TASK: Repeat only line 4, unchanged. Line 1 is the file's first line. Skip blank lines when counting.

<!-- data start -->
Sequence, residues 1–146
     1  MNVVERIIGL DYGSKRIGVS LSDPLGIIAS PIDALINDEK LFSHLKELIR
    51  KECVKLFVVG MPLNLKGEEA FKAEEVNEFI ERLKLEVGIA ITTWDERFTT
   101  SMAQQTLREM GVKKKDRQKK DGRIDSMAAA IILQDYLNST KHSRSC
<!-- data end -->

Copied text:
   101  SMAQQTLREM GVKKKDRQKK DGRIDSMAAA IILQDYLNST KHSRSC